Anyway, whether or not these cases are relevant, my point is that the patent/copyright jungle is a nightmare for ordinary hackers to even begin to cope with. Larger projects and especially commercially supported ones probably have the resources to at least give a supportive legal umbrella for its members. Any of us working alone or in small groups have no support whatsoever.
Remember that open source is making it in the big league, some of the existing big league players could get seriously worried about losing their position and the money that goes with it. They will stop at nothing to maintain that position, these guys play dirty and enjoy bullying little guys so beware, things could get very nasty!
One possible solution is to try to get your own ideas accepted as a sub project of an existing large commercially supported project. Even this could be problematic. Who do you contact? Do you send a detailed description or even source code to someone you don't even know? Remember, in this scenario, you probably haven't even published your work so if they chose to they could claim it as their own and you, an unknown outsider, wouldn't stand a chance of convincing anyone of the truth. Of course they could simply tell you your idea is rubbish because they genuinely think it is, or even because they think it could undermine their own cherished ideas. I know it sounds a very dark picture to paint but history is full of stories of people being fleeced, even Walt Disney got ripped off before he created Mickey Mouse.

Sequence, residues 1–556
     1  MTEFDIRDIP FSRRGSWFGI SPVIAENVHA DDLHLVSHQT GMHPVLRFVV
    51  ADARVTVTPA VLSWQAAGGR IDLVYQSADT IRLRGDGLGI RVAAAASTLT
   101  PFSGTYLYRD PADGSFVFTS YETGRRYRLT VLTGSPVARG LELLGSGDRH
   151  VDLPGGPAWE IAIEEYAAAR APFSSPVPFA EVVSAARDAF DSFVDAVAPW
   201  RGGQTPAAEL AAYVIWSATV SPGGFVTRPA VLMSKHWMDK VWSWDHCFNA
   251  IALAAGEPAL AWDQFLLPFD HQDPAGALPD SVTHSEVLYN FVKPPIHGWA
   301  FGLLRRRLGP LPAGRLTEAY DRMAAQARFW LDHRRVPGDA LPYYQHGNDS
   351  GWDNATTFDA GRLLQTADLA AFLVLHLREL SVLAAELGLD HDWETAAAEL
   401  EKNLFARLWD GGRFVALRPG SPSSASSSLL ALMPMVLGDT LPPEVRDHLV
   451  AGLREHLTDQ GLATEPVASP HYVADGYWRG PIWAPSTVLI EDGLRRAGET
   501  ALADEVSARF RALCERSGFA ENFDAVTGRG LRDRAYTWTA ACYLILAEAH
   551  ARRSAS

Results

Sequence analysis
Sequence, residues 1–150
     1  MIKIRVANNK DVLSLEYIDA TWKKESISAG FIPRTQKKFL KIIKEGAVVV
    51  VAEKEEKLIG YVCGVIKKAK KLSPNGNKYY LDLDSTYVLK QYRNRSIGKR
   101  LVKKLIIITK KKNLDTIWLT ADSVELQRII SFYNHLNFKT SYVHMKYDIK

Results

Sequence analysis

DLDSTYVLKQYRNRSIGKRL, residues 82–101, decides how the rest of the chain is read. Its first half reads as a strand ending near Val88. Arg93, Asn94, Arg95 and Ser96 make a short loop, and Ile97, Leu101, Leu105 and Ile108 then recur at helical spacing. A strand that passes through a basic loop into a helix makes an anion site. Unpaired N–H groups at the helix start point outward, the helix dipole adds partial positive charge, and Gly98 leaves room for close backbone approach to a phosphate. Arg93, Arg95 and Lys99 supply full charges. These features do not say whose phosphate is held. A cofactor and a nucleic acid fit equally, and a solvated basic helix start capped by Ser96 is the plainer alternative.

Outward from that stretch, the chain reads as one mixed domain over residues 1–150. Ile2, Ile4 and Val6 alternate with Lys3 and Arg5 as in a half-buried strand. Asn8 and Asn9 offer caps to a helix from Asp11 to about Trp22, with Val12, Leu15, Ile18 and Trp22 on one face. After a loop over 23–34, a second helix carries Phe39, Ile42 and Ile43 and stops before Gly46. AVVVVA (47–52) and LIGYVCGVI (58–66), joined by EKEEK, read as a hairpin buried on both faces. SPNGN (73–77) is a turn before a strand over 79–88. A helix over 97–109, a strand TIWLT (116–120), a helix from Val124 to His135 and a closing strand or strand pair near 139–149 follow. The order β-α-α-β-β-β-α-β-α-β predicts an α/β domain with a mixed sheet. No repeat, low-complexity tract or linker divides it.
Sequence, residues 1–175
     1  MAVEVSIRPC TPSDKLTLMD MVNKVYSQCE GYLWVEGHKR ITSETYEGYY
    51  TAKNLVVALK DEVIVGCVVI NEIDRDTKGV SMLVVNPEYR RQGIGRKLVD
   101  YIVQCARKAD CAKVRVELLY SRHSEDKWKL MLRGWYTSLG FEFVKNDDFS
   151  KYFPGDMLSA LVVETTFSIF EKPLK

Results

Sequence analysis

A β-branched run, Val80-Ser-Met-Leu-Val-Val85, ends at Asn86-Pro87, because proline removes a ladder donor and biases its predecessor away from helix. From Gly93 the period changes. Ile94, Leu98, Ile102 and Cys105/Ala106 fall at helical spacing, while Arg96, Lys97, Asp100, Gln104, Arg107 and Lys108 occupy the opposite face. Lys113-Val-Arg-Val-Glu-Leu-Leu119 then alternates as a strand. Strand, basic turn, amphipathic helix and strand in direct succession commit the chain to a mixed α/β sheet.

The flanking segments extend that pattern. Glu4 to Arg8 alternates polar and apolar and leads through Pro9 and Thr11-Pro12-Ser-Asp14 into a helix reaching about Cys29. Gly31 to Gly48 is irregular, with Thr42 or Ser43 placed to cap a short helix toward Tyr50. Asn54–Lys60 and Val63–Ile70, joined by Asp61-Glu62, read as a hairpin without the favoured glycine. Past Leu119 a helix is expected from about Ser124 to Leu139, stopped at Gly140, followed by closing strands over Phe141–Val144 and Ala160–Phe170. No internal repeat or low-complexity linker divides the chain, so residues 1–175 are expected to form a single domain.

Innovation and the right to innovate do not just belong in the hands of the rich and powerful. It is no good pretending that innovation only occurs in large corporate environments. The beauty of computer programming, particularly in the Java environment, is that pretty well anyone can join in and innovate with minimal resources. The problem is that such individuals are potentially wide open to abuse by anyone with the money to employ a lawyer.
You could point out that even in this hostile environment there have been plenty of successfully exploited innovations and many more will occur. But how many innovations have failed or been lost because of it? Taking the lame view that "it's always been like that" is simply not acceptable it is anti-innovative.
So to conclude:
If the companies that claim to support open source really want open source innovation to continue at all levels, not just in their own pet projects, then they should seriously consider setting up some sort of legal support service to at least give helpful advice to open source projects. An international facility primarily funded by interested corporations with an affordable membership fee for bona fide developers would be a good start.
There is one organization that is along the right lines, namely New York based Software Freedom Law Center
[ http://www.softwarefreedom.org/index.html ]. Perhaps, with sufficient funding, they could form the core of a global facility.
Anybody got any thoughts or suggestions?
Comments containing "sucks" and "go away you boring old fart" will be considered "off topic" and the poster should be "sued for every penny they have", although I have a preference for $100 bills myself.:).
Sorry but there will be a follow up
Part 2: Is a Java interface copyright protected?
To anyone that read this far, thanks for your time.